5. Aerate Lawn
If you didn’t do it in the fall you may want to check again to see if your lawn needs to be aerated. Try this simple test to find out:
After a good rain or watering, glance over your entire lawn. If you see any puddles, that means water and nutrients are flowing off your grass instead of being absorbed. An aerator will open up the soil and allow more oxygen, fertilizer, and water to reach the roots of your grass. After aerating, sprinkle a mixture of sand and compost over the turf.
Don’t own an aerator? Aerators are expensive pieces of equipment and aren’t used often, so you may want to consider renting one for the day. Your wallet may thank you for it.
6. Test Soil PH
If you didn’t have a chance to test your soil last fall now may be a good time to do it. Purchase a soil PH testing kit to make sure the PH levels of your soil are ideal for the type of grass you have.
If your soil is off, you may want to add lime or sulfer to help correct it. For more information about soil testing, check out “How to Overseed.”
7. Fertilize Lawn and Garden
If your soil is the correct PH, you may want to apply a fertilizer or preemergent to your lawn and garden. Fertilizing your yard can help give your plants the nutrients to thrive and resist disease and insects. For more information on fertilizer and what type to get for your yard, check out our “Ultimate Fertilizer Guide for a Healthy Yard”
8. Add Mulch to Garden
Early spring is also a great time to put mulch in your garden. Mulch can help keep away weeds, conserve moisture, and keep nutrients near the roots. Organic mulches will also add nutrients to your soil as it decomposes over time.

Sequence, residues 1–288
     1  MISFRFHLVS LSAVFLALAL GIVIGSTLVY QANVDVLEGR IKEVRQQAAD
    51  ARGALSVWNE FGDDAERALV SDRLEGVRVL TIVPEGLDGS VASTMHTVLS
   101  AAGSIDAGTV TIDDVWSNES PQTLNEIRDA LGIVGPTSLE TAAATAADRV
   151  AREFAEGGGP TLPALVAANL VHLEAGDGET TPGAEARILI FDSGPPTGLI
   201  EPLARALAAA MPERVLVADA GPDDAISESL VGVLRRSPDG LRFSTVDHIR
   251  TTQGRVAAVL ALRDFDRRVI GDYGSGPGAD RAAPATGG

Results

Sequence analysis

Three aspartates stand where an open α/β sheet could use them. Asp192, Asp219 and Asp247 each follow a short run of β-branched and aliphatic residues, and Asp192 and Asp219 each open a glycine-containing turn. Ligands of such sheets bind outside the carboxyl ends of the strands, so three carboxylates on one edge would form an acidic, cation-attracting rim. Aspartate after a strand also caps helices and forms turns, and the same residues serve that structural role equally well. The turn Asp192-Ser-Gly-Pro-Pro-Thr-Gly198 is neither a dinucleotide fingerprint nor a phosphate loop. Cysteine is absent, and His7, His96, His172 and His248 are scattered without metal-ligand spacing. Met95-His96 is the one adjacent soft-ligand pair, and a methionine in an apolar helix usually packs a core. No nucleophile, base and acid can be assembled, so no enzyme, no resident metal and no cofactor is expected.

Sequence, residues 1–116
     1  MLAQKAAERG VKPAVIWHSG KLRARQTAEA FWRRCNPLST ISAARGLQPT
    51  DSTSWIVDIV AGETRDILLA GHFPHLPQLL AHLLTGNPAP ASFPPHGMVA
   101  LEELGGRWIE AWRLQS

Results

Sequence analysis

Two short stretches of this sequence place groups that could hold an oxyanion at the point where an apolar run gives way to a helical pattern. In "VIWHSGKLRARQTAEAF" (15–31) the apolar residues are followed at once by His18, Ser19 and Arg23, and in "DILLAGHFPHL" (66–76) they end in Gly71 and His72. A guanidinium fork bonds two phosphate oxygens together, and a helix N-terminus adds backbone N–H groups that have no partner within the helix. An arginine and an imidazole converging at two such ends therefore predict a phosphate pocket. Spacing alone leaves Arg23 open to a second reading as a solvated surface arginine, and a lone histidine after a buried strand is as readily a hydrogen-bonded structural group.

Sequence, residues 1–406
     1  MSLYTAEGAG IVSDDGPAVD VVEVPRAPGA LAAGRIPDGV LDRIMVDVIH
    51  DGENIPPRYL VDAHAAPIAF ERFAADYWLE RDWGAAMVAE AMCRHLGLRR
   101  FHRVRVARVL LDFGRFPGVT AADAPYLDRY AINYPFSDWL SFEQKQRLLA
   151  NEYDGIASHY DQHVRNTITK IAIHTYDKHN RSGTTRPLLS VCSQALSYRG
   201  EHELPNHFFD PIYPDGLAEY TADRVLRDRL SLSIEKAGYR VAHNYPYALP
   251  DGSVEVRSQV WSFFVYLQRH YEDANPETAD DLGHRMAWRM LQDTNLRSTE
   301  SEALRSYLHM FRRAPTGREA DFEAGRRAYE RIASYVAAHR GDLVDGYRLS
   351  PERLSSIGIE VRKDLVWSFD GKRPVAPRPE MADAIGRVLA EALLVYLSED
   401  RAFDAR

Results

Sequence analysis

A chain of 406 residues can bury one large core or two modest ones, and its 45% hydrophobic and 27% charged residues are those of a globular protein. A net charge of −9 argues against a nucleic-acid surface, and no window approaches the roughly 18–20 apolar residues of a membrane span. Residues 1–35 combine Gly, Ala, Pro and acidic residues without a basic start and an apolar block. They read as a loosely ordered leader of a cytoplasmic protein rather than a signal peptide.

9. Prune Shrubs and Trees
Now that your tools are clean and tuned-up, you can use them to prune shrubs and trees back. Pruning in the springtime is ideal because it stimulates growth in established plants.
Only shrubs that bloom in the summer should be pruned around this time. For multi-stemmed shrubs, it’s best to prune back the oldest stems by about a 3rd. Branching shrubs get large fast if left untrimmed. Locate the oldest of their stems and prune them back to a reasonable size. If you have roses, only trim their oldest stems back a foot or so if needed.
Small trees can be pruned in a number of different ways depending on how you want it to grow. For an in-depth guide on how to prune small trees, click here. Large trees are dangerous to prune on your own, especially if you need to prune a high branch that a pole saw can’t reach. You may want to contact an arborist for a large tree that needs pruning.
10. Seed Bald Spots
Note: If you used preemergent, skip this step. The preemergent will kill any seeds you put down.
In general, fall is a better time to seed bald patches on your lawn. This is because new seeds don’t have to fight with weeds or the hot sun to grow. That said, putting seed down and trying to regrow grass is better than leaving bare spots to fill with weeds.
To fill a bald spot, loosen the soil in the area that needs repairing and spread a thick layer of lawn-repair mixture. Lawn repair mixture has mulch and nuitrients already added into the seed so you won’t have to fertilize it yourself. Once laid, water the seedlings lightly and frequently until they’ve established roots.
Is your lawn is filled with bald patches or thinning? You may want to try overseeding the lawn. Check out our guide on how to overseed your whole lawn.
A little tender love and care now will help your lawn and garden thrive this spring and summer. What are your plans for you lawn and garden this summer? Let us know in the comments down below!